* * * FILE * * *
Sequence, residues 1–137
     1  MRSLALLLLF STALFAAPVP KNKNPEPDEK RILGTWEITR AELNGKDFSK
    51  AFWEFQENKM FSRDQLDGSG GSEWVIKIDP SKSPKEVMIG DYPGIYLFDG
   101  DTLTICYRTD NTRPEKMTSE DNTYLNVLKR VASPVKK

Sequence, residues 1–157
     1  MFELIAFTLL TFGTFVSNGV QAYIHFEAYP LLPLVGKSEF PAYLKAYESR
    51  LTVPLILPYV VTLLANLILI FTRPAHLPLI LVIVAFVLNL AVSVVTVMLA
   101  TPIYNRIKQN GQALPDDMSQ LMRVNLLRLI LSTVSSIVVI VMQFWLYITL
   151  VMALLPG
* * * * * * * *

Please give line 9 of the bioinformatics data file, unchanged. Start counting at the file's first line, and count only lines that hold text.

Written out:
   151  VMALLPG